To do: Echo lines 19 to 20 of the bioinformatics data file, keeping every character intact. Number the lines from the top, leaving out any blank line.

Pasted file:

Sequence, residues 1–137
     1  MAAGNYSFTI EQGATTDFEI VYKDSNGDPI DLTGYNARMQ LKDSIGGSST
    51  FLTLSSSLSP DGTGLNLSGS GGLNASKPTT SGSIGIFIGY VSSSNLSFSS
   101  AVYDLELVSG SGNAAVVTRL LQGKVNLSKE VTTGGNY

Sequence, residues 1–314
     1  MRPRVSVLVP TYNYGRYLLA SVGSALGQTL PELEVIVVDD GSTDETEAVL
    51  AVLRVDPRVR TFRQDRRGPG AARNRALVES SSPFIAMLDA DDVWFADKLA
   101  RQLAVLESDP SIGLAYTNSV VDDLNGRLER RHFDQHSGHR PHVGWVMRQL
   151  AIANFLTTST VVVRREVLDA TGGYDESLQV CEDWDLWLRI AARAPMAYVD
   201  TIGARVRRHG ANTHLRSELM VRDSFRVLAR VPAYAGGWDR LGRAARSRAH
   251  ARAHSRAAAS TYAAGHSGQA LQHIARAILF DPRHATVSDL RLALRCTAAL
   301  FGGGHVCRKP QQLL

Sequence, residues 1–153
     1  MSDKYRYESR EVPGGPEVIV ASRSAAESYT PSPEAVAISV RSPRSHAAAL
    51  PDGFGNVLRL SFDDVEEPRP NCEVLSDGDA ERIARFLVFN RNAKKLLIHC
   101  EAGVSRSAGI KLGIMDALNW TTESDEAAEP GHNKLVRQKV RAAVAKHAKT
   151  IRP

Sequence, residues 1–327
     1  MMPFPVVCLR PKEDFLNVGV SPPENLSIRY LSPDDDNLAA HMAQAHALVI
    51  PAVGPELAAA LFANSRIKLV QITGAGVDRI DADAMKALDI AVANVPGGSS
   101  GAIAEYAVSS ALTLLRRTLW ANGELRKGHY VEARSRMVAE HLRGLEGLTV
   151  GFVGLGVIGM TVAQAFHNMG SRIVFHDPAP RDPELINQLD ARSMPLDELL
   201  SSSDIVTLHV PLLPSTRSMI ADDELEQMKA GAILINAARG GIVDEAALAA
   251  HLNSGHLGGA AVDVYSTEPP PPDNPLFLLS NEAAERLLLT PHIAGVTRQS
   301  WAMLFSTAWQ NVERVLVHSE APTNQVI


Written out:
     1  MMPFPVVCLR PKEDFLNVGV SPPENLSIRY LSPDDDNLAA HMAQAHALVI
    51  PAVGPELAAA LFANSRIKLV QITGAGVDRI DADAMKALDI AVANVPGGSS